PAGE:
by Anna Gratz Cockerille
To research well, students must draw upon an array of reading and writing skills, flexibly, simultaneously, and confidently. They must skim through texts to locate relevant parts, read across and integrate information from multiple texts, accumulate knowledge and grow ideas, and read critically, considering the authorial intent of their sources. They must organize their thinking and their writing to communicate their learning with others.
When students research, then, the full range of their literacy skills is on display. Further, engaging in research is essential preparation for the kind of reading and thinking students will need to do as secondary and college students, and as informed citizens, attempting to make sense of the world around them. The opportunity for students to engage in research projects of all shapes and sizes is crucial.
When we teach kids to research well, we teach them to think well. Research means taking in facts and ideas as reported by someone else, and interpreting them in thoughtful ways. Inserting plenty of thinking instruction into research instruction is key. Here are a few ways to help students to move from sheer reporting of the facts to more in-depth, insightful interpretations as they research.
- Teach students to jot ideas while reading nonfiction the way they jot ideas in fiction, rather than just recording facts. They can push their thinking and writing using prompts (This makes me think…I’m wondering…This is important because…On the other hand…)
- Invite students to share some of the ideas they are growing about the information they are learning with each other, and to talk for at least two minutes about a single idea with the goal of growing new ideas about the information.
- Teach them to re-read texts they have already read, and to jot possible themes or life lessons they see.
- Teach students to ask the kinds of questions that don’t have a ready answer. Teach them to formulate hypotheses by asking, Could it be… and to read on, jotting possible answers.
- Teach students to add interpretations to their research writing. They might use transition phrases such as: It was possible that…, One reason this might have been so…, or One could hypothesize that…
- Teach students to present multiple points of view in their writing and to add possible explanations for the opposing views.
- Teach students to re-read their writing with an eye for parts that were not written in their own voices, and to go back to add their own interpretations to these parts, possibly using some of the above ideas.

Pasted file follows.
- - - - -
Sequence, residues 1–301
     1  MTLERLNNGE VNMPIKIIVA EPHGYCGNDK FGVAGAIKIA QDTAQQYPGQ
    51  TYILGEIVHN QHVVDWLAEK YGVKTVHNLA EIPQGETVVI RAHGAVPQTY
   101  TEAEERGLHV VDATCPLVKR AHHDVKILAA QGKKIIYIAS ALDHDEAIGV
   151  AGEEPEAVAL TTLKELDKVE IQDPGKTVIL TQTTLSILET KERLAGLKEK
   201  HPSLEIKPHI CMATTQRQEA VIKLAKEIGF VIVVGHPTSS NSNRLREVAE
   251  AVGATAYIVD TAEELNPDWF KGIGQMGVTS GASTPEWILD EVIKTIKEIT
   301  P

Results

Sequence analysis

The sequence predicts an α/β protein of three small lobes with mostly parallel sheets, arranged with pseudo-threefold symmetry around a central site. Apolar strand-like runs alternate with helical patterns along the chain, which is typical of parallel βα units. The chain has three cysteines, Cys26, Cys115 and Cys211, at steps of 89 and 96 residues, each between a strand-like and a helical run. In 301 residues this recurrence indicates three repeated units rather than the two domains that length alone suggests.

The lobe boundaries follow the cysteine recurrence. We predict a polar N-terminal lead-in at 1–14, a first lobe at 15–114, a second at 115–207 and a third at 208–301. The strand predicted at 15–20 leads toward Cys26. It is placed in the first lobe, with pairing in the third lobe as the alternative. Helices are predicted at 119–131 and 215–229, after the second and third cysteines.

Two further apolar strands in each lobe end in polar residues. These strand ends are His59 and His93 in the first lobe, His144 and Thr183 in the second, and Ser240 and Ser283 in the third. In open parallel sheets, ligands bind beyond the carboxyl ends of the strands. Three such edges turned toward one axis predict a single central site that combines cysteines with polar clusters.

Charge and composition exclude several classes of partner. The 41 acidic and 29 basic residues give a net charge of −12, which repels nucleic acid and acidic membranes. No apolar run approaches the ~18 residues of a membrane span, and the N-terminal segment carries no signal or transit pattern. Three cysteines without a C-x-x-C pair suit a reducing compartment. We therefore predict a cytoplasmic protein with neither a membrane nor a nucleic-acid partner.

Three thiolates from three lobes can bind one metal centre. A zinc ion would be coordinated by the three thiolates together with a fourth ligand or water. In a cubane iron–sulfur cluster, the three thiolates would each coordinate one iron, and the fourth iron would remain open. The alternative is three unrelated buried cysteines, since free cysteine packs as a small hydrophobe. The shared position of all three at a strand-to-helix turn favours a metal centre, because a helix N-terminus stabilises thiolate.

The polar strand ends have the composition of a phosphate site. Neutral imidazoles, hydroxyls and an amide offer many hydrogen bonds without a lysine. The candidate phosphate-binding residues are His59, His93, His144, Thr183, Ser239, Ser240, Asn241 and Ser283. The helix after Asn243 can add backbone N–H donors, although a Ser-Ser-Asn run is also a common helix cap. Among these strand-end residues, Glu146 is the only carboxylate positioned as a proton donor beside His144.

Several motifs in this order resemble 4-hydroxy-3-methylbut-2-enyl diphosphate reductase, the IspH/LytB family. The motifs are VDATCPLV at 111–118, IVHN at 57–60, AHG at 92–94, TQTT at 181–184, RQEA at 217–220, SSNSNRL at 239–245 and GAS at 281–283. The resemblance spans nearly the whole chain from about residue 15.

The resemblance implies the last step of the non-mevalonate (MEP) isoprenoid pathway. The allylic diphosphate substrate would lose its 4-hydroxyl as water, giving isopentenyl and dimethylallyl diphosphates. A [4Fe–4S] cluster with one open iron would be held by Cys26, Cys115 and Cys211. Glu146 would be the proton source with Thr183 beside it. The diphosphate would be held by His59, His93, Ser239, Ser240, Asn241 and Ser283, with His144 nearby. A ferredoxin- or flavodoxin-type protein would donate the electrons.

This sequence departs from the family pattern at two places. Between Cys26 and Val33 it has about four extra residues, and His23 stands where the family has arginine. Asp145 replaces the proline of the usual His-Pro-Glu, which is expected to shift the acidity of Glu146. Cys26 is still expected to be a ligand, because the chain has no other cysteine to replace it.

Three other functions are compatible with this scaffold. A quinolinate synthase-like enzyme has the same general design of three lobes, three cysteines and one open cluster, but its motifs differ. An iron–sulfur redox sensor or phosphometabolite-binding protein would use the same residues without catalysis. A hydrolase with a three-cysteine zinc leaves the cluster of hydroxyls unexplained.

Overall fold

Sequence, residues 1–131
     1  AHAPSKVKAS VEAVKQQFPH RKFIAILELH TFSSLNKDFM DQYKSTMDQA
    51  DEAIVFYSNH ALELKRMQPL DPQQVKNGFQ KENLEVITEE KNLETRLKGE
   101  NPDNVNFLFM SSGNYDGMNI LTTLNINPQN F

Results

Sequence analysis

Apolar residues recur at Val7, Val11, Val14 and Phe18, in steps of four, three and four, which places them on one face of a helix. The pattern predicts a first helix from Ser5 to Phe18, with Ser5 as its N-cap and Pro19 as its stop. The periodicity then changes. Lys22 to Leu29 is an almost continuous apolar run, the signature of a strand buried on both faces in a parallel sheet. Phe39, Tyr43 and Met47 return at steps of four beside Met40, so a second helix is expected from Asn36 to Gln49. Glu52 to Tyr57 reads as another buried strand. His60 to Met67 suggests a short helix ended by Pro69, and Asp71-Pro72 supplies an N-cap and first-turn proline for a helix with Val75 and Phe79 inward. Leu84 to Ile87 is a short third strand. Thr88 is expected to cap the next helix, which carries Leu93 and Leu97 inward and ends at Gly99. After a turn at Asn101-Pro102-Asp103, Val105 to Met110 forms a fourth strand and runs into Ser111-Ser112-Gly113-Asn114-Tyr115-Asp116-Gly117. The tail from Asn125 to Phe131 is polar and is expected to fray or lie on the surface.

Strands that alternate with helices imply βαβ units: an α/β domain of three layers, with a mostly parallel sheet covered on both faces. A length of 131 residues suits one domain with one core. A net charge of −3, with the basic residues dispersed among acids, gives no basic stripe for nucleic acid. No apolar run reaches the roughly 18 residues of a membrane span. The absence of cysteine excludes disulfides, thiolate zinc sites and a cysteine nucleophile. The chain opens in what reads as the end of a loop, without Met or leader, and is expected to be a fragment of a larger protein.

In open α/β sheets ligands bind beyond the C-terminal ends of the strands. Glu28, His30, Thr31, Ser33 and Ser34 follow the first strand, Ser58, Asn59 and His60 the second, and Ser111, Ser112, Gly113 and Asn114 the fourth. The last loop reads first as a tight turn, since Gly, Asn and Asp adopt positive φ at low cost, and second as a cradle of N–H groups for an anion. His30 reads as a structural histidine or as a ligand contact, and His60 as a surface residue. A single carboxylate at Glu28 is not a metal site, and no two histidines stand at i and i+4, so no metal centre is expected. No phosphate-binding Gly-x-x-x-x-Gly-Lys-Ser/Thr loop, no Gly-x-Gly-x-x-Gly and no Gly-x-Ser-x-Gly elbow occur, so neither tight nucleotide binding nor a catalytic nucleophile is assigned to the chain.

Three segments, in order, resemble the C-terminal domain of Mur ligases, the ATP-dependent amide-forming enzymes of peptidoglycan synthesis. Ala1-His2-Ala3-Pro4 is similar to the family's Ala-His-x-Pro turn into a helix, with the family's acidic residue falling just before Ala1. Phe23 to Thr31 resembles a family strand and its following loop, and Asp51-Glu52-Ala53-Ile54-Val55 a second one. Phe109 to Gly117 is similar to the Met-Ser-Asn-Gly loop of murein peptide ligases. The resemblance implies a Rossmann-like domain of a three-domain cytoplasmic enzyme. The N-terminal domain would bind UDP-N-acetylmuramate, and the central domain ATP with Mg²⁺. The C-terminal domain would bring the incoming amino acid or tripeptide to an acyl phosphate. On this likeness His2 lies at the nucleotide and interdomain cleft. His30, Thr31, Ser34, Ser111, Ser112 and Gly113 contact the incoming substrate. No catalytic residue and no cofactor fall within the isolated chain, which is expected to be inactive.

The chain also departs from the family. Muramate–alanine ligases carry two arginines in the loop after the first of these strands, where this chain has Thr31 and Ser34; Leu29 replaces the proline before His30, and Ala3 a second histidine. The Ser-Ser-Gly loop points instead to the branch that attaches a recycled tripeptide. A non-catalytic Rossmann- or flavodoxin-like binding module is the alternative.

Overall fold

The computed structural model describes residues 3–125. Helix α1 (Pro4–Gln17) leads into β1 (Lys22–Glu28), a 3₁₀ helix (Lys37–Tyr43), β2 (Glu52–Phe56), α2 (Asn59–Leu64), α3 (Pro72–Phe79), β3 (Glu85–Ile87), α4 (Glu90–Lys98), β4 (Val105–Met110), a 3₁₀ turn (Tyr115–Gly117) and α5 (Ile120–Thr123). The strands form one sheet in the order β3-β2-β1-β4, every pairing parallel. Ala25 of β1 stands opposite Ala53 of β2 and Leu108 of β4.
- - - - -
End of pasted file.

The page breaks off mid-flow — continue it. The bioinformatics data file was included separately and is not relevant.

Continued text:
Classrooms engaged in research are filled with energy, learning, and independence. Of course, all of this independence and reliance on a breadth of skills means teachers have their work cut out for them. Students will need vigilance, support, and cheerleading, in ways that will pay off long term. Join staff developers Mike Ochs and Jen DeSutter for this week's TCRWP Twitter Chat tomorrow to discuss writing and the research process. Plan to share and take away a multitude of tips to help support students as they put their nonfiction reading and writing skills to work to engage in deep, powerful inquiry.
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Each Wednesday night at 7:30pm eastern, The Teacher's College Reading and Writing Project hosts a Twitter chat using the hashtag #TCRWP. Join @readwritemike & @jendesutter to chat about tips and tools for research in grades 3-5 tomorrow evening.
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Not on Twitter? Take Heinemann’s free Twitter for Educators course here.
Anna Gratz Cockerille, Coauthor of Bringing History to Life (Grade 4) in the Units of Study for Teaching Writing Series.
Anna was a teacher and a literacy coach in New York City and in Sydney, Australia, and later became a Staff Developer and Writer at TCRWP. She served as an adjunct instructor in the Literacy Specialist Program at Teachers College, and taught at several TCRWP institutes, including the content literacy institute, where she helped participants bring strong literacy instruction into social studies classrooms. Anna also has been a researcher for Lucy Calkins, contributing especially to Pathways to the Common Core: Accelerating Achievement (Heinemann 2012), and Navigating Nonfiction in the Units of Study for Teaching Reading, Grades 3–5 series (Heinemann 2010). Most recently, Anna served as an editor for the Units of Study for Teaching Reading, K–5 series.